Genentech and Biogen roll the dice on an upstart biotech with a new siRNA approach — going deep into the brain for targets in neurodegeneration
Atalanta isn’t your average stealth biotech making a debut. They have some history and deals to sketch out in rough outlines.
The founding execs date the silent launch all the way back to mid-2019, with the publication of a seminal study looking at a new siRNA strategy for neurodegeneration. And instead of scouting for their first partners, the fledgling biotech can already count 2 prominent players as allies in the extensive preclinical work that’s been done to establish the platform.
Just because they’ve been assembling the pieces for well over a year doesn’t mean they’re ready to spill all the tech beans they’re working with. But enough is on display to arouse plenty of additional interest in what happens from here.
“What was observed in the preclinical research that was done in the lab of our founder Anastasia Khvorova and published in 2019 was the ability of this unique branched siRNA structure now to overcome that barrier and get access to the deep brain regions,” says Aimee Jackson, who worked on RNAi oligonucleotide therapies at miRagen and has stepped in as CSO at the startup. “So we think now we finally have the opportunity to unlock these areas and now actually approach solutions to neurodegenerative indications driven by degeneration in those deeper brain structures.”
Khvorova, who runs an eponymously named lab at UMass Medical School, noted in her abstract that gene silencing, RNAi’s big promise, had never been achieved in the brain using small interfering RNA, or siRNA. Her team, however, had created an architecture that had a “robust” affect in the brain, achieving “sustained gene silencing in the central nervous system of mice and nonhuman primates following a single injection into the cerebrospinal fluid.”
Using two linked siRNAs, the “branched” tech Atalanta boasts of, the researchers “induced the potent silencing of huntingtin, the causative gene in Huntington’s disease, reducing messenger RNA and protein throughout the brain. Silencing persisted for at least 6 months, with the degree of gene silencing correlating to levels of guide strand tissue accumulation. In cynomolgus macaques, a bolus injection of di-siRNA showed substantial distribution and robust silencing throughout the brain and spinal cord without detectable toxicity and with minimal off-target effects. This siRNA design may enable RNA interference-based gene silencing in the CNS for the treatment of neurological disorders.”
You can learn more about her work on the UMass website on inventions, illustrating how the tech involving “branched oligonucleotide structure improves the level of tissue retention in brain by more than 100 fold compared to non-branched compounds of identical chemical composition. The invention discloses branched oligonucleotides, specifically di-branched assymetric fully modified siRNAs, exhibiting great uniform distribution throughout the CNS and other target tissues, enhanced cellular uptake, minimal immune response and off-target effects, without formulation.”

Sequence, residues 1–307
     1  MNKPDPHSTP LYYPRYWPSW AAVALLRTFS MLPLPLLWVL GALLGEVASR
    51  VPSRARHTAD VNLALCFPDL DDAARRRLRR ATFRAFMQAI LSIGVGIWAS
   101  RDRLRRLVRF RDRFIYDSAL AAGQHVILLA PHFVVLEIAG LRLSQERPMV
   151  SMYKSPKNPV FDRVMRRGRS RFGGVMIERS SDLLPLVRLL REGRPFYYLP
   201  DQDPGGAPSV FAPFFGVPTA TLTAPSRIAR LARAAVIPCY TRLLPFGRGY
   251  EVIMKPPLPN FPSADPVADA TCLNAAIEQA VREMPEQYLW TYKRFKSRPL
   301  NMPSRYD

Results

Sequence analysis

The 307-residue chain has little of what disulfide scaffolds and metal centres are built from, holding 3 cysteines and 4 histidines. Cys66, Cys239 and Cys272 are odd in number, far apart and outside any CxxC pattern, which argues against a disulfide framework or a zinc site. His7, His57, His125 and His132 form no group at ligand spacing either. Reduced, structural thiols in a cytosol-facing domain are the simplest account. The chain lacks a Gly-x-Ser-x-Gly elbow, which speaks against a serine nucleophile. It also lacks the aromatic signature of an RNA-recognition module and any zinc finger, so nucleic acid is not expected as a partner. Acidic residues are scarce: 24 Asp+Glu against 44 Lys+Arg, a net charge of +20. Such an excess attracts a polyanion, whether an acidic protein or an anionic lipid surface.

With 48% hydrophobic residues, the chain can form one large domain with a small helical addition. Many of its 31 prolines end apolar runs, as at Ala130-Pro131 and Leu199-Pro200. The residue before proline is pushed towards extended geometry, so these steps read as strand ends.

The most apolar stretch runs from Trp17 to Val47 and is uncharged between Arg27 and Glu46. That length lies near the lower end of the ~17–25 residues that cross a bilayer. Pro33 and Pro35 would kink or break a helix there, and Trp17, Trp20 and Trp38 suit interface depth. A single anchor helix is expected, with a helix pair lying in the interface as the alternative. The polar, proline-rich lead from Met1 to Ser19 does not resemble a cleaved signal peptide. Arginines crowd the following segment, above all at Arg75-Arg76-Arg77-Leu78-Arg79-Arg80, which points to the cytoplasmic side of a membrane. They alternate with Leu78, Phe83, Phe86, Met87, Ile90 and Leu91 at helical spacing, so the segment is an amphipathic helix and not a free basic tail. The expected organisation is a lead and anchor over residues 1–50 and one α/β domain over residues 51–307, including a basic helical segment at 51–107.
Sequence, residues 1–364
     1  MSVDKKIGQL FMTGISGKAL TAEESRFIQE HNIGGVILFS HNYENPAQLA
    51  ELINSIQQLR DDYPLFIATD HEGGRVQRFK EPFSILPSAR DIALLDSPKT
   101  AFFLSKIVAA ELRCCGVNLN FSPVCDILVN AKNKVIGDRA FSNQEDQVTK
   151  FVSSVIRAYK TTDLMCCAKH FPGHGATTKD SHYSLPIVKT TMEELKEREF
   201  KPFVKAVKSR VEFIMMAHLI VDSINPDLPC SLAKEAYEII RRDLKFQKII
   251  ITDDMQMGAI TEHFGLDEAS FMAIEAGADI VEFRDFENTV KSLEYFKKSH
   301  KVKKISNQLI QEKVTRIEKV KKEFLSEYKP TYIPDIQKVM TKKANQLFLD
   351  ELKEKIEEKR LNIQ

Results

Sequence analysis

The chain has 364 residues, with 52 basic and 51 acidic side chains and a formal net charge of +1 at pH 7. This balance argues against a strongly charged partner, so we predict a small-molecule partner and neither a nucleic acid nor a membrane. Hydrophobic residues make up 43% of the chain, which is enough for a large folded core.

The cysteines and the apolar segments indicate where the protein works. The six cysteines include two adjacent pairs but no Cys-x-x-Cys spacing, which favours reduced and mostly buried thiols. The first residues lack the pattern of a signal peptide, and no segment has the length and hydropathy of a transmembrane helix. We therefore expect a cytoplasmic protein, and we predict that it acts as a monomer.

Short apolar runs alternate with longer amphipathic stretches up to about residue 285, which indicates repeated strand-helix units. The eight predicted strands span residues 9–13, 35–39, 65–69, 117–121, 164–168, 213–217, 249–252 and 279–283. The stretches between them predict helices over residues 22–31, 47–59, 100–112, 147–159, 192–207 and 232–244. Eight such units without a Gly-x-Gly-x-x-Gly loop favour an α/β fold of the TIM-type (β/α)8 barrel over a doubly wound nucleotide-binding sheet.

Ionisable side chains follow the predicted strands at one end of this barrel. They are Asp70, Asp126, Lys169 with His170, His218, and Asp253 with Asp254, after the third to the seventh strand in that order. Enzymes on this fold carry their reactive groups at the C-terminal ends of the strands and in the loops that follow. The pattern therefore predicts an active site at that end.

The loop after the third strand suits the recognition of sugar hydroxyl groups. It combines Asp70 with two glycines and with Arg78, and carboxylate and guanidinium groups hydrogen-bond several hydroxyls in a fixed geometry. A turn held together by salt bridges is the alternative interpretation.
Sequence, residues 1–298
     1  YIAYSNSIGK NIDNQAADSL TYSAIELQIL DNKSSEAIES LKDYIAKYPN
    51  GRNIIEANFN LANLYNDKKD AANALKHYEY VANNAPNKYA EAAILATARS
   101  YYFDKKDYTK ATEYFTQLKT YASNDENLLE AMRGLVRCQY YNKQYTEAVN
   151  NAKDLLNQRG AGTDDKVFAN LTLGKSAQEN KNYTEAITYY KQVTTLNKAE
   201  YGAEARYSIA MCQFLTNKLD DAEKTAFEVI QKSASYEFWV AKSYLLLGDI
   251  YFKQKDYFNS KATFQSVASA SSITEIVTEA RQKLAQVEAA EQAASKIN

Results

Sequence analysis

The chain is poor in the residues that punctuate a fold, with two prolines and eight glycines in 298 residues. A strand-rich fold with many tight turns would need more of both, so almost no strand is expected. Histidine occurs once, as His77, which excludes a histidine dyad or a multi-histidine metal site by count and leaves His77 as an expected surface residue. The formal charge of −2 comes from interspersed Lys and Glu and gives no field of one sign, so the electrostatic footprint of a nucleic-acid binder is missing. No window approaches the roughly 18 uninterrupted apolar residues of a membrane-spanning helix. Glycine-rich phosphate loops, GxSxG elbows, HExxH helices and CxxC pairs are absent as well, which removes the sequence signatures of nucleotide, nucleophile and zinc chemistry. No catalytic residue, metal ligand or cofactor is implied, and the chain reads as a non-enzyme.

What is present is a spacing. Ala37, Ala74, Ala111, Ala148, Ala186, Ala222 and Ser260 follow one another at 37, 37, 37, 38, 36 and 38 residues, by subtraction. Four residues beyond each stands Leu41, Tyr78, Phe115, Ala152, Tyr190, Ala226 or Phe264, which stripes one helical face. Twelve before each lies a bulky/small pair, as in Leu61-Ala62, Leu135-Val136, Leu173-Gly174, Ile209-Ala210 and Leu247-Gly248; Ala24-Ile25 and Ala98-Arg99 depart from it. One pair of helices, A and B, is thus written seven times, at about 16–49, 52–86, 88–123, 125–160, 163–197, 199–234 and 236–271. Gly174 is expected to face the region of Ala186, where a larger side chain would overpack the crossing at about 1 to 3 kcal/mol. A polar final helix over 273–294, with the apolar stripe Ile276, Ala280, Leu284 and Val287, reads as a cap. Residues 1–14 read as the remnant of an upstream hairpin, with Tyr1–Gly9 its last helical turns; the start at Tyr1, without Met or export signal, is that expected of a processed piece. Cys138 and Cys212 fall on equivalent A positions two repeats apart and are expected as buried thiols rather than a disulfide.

Khvorova is a key scientific founder of this new biotech, along with Craig Mello, her famous colleague at UMass who won the Nobel Prize for his foundational work in RNAi and Neil Aronin, an expert in Huntington’s disease.
That last expert adviser puts the spotlight on one of the leading programs at Atalanta. Biogen signed up to partner on that target, while Genentech aligned itself with the biotech on Parkinson’s and the Big Kahuna of neurodegeneration: Alzheimer’s.
F-Prime has been footing the bill on the early work — all by itself — with Stephen Knight joining the board. Knight and the old Fidelity team that joined together in F-Prime have a long history in Alzheimer’s investment — none of it successful. They backed Deborah Dunsire on her work at Forum, which went belly up before they all went their separate directions.
F-Prime and the startup’s 2 big partners have put up the first $110 million to get the company rolling, but the founders — led by Juniper vet Alicia Secor as CEO and employee #1 at Atalanta — aren’t telling me who did what.
Are there milestones attached? Yes. We can imagine the numbers are large, but the CEO won’t say how large.
According to Secor, it was Stacie Weninger, a neuro expert who heads up the F-Prime Biomedical Research Initiative, who first came across the tech. She’s the one who brought in Knight, whose ambitions in the field have widened considerably from the initial focus on Alzheimer’s.
There are a number of startups that have come along to take a new crack at these big neurodegenerative targets, driven in part by the widespread carnage in the clinic for everything that came earlier. Now we can add Atalanta, at a time some of the majors are lining themselves up for the second, or third waves.